One Lord Mayor to rule them all?

Last updated 14:28 30/10/2012
Geoffrey Palmer
Change is in the air: Sir Geoffrey Palmer, who is leading the local governance review panel.

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Wairarapa's three councils will combine into one and all others will stay the same if the recommendations of Sir Geoffrey Palmer's local governance review panel are heeded.

However, much of the councils' authority will shift to a new super regional council led by a Lord Mayor.

Sir Geoffrey, together with panel members Sue Driver and Bryan Jackson, delivered the report this morning, October 30, following five months of consultation and delibration since it was established by Wellington Regional Council and Porirua City Council.

The rest of Wellington region's local authorities had declined to participate, though Sir Geoffrey acknowledged that they had all contributed to the panel's process.

The new Greater Wellington Council will assume the transport and environmental regulatory authority of the present regional council as well as spatial planning, asset and financial management, and rating.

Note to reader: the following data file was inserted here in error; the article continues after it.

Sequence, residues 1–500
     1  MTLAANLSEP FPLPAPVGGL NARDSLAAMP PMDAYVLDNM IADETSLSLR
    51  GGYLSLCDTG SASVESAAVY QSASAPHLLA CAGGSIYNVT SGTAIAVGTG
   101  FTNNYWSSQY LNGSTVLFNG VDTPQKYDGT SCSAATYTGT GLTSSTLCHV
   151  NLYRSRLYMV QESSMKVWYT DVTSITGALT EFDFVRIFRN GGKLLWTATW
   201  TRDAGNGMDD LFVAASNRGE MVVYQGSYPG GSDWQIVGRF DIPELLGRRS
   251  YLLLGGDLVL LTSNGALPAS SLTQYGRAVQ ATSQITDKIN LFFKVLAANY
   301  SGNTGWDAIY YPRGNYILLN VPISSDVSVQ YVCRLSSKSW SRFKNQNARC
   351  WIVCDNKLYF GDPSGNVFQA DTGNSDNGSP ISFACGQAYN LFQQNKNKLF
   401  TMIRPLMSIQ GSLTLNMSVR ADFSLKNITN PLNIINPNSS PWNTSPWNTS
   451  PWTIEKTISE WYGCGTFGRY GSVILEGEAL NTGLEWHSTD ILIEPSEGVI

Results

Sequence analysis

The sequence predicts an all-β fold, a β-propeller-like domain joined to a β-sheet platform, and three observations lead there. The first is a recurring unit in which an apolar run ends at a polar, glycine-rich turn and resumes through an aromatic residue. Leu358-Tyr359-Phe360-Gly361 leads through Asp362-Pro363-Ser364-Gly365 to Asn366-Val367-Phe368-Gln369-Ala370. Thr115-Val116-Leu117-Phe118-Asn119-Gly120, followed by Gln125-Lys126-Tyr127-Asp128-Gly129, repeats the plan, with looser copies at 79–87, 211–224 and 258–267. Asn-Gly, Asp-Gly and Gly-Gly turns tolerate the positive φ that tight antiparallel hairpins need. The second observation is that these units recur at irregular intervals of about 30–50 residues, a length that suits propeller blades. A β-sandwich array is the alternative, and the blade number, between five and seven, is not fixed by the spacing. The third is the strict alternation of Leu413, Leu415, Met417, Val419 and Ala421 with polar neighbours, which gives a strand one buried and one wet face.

Rates would be frozen for three years while a regional rating regime was developed and the local councils would retain their current boundaries.

In the new more powerful regional councill the Lord Mayor would be elected at large, central Wellington would have four councillors, Lower Hutt two and Upper Hutt, Porirua and Kapiti would have one each and they could serve for no more than three four-year terms.

Sir Geoffrey said lack of leadership was a key challenge driving the changes.
The region needed a single strong voice, he said, citing a member of the public who spoke to the panel at a meeting in Upper Hutt.

''I live in Upper Hutt and I know who the leader of Auckland is - Len Brown, and I know who the leader of Christchurch is. It is Bob Parker. I don't know who the leader of Wellington is.''

Sir Geoffrey said present local government arrangements were unable to provide a regional leader but establishing a the position of  Lord Mayor would.

The panels proposal needed to fully consulted upon throughout the region, he said.
''One can learn from Auckland in this regard, to not do things too fast.''

Greater Wellington and Porirua councils will consider the panel's report and make their own submissions to the Local Government Commission before it makes any changes to governance in the region.

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